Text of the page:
Tag Archives: on the road


Here’s what’s new: ten days ago I left Berlin suddenly, brokenhearted. I feel lost and sad. I don’t know where I want to be. I didn’t want to travel in these circumstances but travelling was the only positive thing I could think to do.

Two days ago I was on a ferry. Two elderly women sat at my table. Are you going on holiday? they asked me. I’m just sort of drifting, I said.

Sometimes it all seems so goddamn huge I feel like I can’t move. For days all I could do was cry. I had all the usual symptoms: I couldn’t eat, I couldn’t sleep. I’m not the only person this shit ever happened to. It’s kind of boring. Painful and boring.

I’m at a crossroads and I get to go anywhere I want now, I guess, except I didn’t want it this way so it’s hard to get excited about it. But I’m coming round to it.

Last Thursday I visited a writer I hadn’t seen in fourteen years, a respected journalist. I’m taking you for a picnic, she said. I made a unilateral decision that you’re a vegetarian. We sat by a river and talked about travel and writing. She asked me what had happened in Berlin and I tried to explain the end of it and I realised that it didn’t make a whole lot of sense. You don’t need that, do you? she asked. And suddenly I thought that maybe I didn’t.

It didn’t make everything instantly better but something shifted that afternoon. When I woke up the following morning, I didn’t hate everything.

The elderly women on the ferry were sisters and widows. They bickered together. She’s bossy, said the younger one. I am not, said the older one. You’re assertive, I offered. Thank you, she said with a smile.

When they asked where I lived I didn’t know how to answer. But I told them the places I was considering. I sounded free and independent and interesting. If I talk like that often enough, I can believe it myself as well.

Over to you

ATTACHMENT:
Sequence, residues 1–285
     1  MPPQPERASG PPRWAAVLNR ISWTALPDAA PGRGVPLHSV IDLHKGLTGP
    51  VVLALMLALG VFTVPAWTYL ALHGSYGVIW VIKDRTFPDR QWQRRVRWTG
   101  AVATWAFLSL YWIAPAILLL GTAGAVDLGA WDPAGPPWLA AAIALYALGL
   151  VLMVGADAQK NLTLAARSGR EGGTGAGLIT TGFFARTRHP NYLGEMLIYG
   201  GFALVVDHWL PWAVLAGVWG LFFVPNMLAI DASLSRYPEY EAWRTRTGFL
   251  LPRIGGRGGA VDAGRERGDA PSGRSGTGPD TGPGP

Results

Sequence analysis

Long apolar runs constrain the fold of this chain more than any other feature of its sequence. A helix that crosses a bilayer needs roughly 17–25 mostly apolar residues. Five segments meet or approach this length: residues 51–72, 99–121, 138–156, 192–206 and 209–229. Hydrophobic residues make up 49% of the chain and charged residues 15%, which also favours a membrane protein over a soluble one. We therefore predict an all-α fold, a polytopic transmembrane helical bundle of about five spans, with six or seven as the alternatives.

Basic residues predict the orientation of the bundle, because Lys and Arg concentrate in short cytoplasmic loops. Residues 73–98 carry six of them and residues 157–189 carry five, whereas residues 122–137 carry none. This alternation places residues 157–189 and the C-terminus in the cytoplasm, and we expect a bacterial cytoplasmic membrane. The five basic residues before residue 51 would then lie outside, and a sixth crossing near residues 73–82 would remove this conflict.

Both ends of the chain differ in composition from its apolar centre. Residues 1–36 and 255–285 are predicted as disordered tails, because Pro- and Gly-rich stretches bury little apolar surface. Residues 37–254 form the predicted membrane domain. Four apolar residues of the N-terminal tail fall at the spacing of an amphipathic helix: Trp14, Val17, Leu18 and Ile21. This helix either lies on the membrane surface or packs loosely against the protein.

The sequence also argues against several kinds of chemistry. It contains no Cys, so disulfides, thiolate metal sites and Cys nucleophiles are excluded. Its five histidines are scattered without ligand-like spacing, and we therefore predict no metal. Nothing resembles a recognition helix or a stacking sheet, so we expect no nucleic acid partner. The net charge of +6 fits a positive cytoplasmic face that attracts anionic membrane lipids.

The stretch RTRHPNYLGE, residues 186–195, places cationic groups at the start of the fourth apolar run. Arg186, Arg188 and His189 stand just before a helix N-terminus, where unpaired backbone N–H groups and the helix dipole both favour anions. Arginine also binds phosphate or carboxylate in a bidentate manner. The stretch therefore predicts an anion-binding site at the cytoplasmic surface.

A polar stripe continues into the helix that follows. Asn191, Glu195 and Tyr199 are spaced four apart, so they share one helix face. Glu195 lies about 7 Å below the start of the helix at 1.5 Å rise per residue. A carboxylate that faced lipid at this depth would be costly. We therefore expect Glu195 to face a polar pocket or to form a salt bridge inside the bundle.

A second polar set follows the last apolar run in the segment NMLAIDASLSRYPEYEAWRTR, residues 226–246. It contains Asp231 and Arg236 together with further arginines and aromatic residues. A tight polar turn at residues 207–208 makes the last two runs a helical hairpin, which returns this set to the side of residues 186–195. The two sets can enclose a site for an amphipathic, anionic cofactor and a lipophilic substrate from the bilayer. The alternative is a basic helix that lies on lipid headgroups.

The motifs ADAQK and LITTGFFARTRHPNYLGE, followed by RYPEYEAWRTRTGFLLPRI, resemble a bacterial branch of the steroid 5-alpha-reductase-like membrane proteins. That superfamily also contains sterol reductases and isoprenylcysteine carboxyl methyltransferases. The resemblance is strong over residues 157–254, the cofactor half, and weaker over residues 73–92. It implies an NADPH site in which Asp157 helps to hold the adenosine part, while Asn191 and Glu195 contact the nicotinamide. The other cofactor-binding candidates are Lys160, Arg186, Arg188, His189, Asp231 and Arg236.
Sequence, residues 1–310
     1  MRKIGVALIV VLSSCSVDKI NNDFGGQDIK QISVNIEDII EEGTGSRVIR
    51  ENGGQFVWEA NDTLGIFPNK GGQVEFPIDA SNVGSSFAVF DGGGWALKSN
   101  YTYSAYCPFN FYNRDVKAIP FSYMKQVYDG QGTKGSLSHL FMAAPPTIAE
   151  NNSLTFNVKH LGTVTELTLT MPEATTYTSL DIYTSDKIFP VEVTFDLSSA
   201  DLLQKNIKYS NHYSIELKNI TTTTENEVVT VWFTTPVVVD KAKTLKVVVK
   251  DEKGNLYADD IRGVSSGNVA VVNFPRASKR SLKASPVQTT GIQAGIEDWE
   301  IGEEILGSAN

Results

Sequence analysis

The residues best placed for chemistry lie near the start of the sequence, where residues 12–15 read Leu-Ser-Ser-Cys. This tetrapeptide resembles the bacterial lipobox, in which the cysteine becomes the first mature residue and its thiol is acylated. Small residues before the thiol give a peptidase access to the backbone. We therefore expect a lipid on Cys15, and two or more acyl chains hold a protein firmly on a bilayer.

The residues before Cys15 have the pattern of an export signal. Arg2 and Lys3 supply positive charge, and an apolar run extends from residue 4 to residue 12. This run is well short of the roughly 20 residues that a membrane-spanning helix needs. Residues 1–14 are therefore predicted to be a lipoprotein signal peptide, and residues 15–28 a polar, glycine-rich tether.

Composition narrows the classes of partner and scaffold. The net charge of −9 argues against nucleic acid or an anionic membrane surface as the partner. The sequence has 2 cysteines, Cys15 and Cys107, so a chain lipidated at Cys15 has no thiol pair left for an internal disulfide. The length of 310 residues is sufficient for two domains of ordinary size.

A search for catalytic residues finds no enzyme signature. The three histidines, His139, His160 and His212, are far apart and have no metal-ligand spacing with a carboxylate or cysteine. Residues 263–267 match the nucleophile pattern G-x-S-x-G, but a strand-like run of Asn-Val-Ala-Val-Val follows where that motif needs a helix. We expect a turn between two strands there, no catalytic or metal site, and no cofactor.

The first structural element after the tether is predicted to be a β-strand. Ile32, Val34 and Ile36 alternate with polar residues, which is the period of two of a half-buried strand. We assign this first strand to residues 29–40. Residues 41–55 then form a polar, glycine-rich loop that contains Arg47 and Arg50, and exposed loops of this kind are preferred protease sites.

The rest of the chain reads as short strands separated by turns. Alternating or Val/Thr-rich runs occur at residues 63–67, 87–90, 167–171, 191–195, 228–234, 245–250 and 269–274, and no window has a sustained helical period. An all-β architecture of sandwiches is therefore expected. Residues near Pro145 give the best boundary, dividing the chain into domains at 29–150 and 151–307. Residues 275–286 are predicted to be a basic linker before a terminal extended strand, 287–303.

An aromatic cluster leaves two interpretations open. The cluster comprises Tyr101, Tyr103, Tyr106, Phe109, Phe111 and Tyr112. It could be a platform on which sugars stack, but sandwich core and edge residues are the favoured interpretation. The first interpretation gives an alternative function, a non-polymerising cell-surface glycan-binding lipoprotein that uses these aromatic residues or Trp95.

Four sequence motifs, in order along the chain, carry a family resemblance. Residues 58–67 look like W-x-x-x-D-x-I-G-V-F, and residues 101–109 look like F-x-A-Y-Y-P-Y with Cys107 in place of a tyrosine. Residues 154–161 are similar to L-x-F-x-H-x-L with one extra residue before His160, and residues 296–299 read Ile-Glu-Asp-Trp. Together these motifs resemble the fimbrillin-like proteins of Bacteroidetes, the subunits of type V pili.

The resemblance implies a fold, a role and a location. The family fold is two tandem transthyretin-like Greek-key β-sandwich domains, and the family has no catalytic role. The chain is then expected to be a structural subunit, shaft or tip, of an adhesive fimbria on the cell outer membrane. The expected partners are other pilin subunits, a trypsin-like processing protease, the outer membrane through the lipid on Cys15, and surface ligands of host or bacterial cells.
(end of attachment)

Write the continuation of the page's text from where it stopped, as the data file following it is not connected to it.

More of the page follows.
FUN GAME: Identify the writers!

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The day before I left, Edinburgh was all about the haar, something I’m unlikely to get much of in Berlin. I took crappy pictures to try and convey how difficult it was to see ahead of me.

The day I left, it was grey and rainy. I caught the cheapo number 35 bus to the airport. I pondered the fact that I didn’t know when I would be back in town, and concluded: oh. I watched as someone walked into a field with a shopping bag, wearing a cardboard box on his head. I thought: oh.

The Brussels flight was mostly populated by businessmen. The one opposite me in the departure lounge looked me up and down, didn’t seem to approve of what he saw. Another one tried to barge ahead of me in the queue. I sat in my window seat hoping the one next to me would stay unoccupied, but eventually a middle-aged Belgian banker sat down in it. Hello, he said, nice to travel with you.

Likewise, I replied.

Thank you, he said.

I thought it was a pretty nice opening remark. We spent most of the flight talking about travel and languages. He was good company, and I meant to wish him all the best when we disembarked, but instead I kept moving while he located his luggage, unsure if I should hang around.

I keep feeling tempted to write ‘Brustles’, but I should banish such awful ideas from my head. Belgium is my first new country this year, and my first French-speaking destination since Quebec in the mid-nineties. Today I wandered the streets with My Mysterious Friend Germán, took in the Moomin exhibition at the Centre Belge de la Bande Dessinée, went for mint tea. Tonight I cooked mushroom, lemon & leek risotto for three Czechs and a Spaniard. Minus the leek. Also minus some of the other stuff that usually goes into it. I had my ladle, though. I can’t believe, observed My Mysterious Friend Germán, that not only have you packed less than 15 kilos of stuff to cover your needs for the next several months, but you’ve included cooking utensils. Yes. If I can bring it it means I don’t have to buy it when I get there.

Here is all I’ve got:

From top to bottom and left to right:

  • Cheap second-hand jacket, with lining completely falling apart
  • Cardigan donated by friend
  • Rucksack given to me by kind boss when I left on my first solo trip aged eighteen; it’s been everywhere with me since, and shows no signs of falling apart. Still bears Jetstar luggage tag from last year’s Australia trip (a redundancy gift to myself)
  • Shoulderbag with handy compartments for discperson and camera
  • Canvas bag containing laptop, which actually fits into shoulderbag, but I needed to create some more space to accommodate the extra complimentary sandwich I scrounged on the flight.

Next stop: Amsterdam.